The Most Accurate Book and Movie Adaptations in Games
While the video game industry has recently inspired some of our favourite movie blockbusters, the same can also be said about movies and books returning the favour. Most games have a genuine storyline, with some successful ones adapting stories and characters from movies and books, which begs the question, why don’t they do it often?
From Square Enix’s “Marvel’s Avengers” to Ubisoft’s “Assassins’ Creed”, the gaming industry has seen some of its best sellers take a leaf or two out of a novel or a bog screen picture. Some of these games are designed to accurately depict the events of the source material (book or movie), while some are just ways of earning big bucks due to the popularity or success of the source. So there is no surprise this practice has also been profitable in slot games like Lord of the Ocean free play.
The trend of adapting books and movies, especially books, into video games seems to be on the rise, with companies like Ubisoft and Electronic Arts (EA) currently locked in a battle of “who makes the best Star Wars game. The former has also acquired rights to develop a video game based on the movie “Avatar”, which is set to release in 2022. So, let’s take a look at some of the most accurate book and movie adaptations in video games.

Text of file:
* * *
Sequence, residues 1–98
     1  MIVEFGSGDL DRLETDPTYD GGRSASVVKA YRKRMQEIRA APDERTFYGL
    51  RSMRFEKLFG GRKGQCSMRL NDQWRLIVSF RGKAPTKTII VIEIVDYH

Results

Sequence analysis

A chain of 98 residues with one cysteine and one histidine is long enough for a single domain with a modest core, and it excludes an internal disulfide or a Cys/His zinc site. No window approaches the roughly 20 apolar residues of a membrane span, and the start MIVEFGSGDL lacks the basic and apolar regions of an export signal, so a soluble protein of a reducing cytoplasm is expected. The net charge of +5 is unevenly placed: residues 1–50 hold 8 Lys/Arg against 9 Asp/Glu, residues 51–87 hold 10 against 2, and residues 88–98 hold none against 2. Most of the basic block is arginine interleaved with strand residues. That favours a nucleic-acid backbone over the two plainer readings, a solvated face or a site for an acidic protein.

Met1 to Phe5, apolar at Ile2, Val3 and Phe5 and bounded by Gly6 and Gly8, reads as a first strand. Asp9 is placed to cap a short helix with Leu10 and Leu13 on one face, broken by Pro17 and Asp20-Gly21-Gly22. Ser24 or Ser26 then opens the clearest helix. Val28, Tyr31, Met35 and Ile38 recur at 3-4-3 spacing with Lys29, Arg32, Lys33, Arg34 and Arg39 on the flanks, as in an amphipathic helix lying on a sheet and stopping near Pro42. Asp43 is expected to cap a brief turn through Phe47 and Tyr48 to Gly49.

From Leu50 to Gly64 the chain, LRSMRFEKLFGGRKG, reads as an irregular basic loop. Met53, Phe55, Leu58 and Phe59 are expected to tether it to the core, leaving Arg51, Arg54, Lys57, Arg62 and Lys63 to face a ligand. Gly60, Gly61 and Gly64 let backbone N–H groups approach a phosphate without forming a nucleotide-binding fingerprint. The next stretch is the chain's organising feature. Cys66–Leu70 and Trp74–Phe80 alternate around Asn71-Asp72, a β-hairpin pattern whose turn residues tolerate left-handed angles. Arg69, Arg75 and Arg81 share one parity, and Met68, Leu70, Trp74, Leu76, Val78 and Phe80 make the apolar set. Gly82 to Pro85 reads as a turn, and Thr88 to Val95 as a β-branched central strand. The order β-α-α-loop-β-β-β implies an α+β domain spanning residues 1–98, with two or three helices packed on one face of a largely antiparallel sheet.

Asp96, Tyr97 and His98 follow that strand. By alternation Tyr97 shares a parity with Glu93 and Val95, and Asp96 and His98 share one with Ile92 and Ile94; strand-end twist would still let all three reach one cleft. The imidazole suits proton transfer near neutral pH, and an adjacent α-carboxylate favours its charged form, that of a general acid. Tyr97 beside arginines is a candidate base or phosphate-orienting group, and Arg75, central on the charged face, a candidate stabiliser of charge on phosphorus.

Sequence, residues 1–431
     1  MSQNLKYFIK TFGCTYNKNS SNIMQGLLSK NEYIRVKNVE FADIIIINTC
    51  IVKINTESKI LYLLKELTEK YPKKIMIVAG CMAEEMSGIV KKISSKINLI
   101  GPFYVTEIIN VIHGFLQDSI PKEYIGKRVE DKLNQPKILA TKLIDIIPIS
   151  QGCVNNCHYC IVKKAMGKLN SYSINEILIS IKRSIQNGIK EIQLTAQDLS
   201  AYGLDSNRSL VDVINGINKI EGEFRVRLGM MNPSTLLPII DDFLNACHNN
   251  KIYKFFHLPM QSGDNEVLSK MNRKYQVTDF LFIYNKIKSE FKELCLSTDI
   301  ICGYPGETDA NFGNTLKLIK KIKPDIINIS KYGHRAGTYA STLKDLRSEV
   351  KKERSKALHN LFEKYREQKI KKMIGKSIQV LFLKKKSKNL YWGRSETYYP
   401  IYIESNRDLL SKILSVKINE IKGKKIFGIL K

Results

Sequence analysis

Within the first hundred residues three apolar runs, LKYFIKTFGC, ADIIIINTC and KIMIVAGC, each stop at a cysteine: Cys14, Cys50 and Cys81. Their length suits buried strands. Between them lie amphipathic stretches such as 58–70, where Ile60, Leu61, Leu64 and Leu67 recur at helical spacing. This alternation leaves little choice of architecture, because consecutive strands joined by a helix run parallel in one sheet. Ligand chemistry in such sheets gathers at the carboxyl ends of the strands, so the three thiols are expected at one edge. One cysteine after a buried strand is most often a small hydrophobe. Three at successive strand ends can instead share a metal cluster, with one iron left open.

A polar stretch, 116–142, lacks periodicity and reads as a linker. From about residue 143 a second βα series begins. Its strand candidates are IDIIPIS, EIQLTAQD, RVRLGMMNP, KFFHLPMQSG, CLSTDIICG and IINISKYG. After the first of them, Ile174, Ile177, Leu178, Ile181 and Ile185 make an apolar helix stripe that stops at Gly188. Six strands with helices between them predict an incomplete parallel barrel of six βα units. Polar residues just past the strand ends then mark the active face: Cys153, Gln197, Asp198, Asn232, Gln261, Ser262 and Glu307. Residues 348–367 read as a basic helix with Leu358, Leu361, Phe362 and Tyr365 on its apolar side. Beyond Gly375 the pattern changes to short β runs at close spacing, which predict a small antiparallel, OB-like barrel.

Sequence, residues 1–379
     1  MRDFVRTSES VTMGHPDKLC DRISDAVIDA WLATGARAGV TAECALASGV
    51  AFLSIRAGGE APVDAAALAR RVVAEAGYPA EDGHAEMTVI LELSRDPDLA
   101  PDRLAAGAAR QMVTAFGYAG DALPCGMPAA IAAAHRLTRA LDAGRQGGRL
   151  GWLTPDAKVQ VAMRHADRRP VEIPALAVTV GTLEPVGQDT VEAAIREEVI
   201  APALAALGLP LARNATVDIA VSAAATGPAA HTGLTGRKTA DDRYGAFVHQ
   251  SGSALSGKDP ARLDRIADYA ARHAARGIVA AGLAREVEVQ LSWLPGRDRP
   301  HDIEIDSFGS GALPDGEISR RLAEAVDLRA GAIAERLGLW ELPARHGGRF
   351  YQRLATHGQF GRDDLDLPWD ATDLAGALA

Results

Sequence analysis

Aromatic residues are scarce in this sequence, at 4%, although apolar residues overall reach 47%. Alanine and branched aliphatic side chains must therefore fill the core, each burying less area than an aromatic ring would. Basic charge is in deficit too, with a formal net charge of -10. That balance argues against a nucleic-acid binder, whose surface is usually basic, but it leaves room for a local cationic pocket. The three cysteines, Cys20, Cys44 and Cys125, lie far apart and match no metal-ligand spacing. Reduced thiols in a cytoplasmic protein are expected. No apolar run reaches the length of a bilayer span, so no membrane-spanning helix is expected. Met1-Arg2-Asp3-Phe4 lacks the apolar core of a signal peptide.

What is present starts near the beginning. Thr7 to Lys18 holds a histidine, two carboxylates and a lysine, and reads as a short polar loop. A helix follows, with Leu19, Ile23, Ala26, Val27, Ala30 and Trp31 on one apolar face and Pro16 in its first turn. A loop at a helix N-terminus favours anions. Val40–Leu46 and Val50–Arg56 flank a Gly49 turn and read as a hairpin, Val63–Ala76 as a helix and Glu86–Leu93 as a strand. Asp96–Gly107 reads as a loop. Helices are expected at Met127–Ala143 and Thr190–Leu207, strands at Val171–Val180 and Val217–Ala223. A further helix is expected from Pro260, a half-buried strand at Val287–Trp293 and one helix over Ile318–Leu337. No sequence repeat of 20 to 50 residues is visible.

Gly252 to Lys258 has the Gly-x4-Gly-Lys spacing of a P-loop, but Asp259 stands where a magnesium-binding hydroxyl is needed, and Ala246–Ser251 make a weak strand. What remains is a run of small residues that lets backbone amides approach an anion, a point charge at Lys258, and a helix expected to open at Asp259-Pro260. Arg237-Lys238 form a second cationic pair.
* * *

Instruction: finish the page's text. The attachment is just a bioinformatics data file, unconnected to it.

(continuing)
GoldenEye 007 (Movie Adaptation)
Based on the 1995 007 movies of the same title, GoldenEye is a first-person shooter game published by Nintendo for Nintendo 64 and developed by British video game company Rare. The game lets players control Secret Service Intelligence agent James Bond, who’s tasked with preventing a criminal syndicate from using a satellite weapon against London, which would trigger a global financial meltdown.
GoldenEye 007 was released in 1997 and is regarded as a pioneer amongst first-person shooter games thanks to its realistic style of play and stealth elements. The game also played well with critics, who praised its visuals, gameplay depth, and multiplayer option. It also received the BAFTA Interactive Game Award in 1998 and is one of the highest-selling games in the history of the Nintendo 64 console (third all-time).